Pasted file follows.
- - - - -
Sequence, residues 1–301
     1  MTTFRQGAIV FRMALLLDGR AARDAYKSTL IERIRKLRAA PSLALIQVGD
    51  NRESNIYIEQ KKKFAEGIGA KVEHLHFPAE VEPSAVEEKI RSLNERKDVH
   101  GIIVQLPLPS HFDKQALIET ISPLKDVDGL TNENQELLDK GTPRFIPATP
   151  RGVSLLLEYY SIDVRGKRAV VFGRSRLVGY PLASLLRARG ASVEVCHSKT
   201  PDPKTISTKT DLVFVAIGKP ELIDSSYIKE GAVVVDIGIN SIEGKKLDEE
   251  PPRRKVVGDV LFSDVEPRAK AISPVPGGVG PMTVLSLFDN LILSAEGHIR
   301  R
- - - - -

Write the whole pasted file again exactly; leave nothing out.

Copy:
Sequence, residues 1–301
     1  MTTFRQGAIV FRMALLLDGR AARDAYKSTL IERIRKLRAA PSLALIQVGD
    51  NRESNIYIEQ KKKFAEGIGA KVEHLHFPAE VEPSAVEEKI RSLNERKDVH
   101  GIIVQLPLPS HFDKQALIET ISPLKDVDGL TNENQELLDK GTPRFIPATP
   151  RGVSLLLEYY SIDVRGKRAV VFGRSRLVGY PLASLLRARG ASVEVCHSKT
   201  PDPKTISTKT DLVFVAIGKP ELIDSSYIKE GAVVVDIGIN SIEGKKLDEE
   251  PPRRKVVGDV LFSDVEPRAK AISPVPGGVG PMTVLSLFDN LILSAEGHIR
   301  R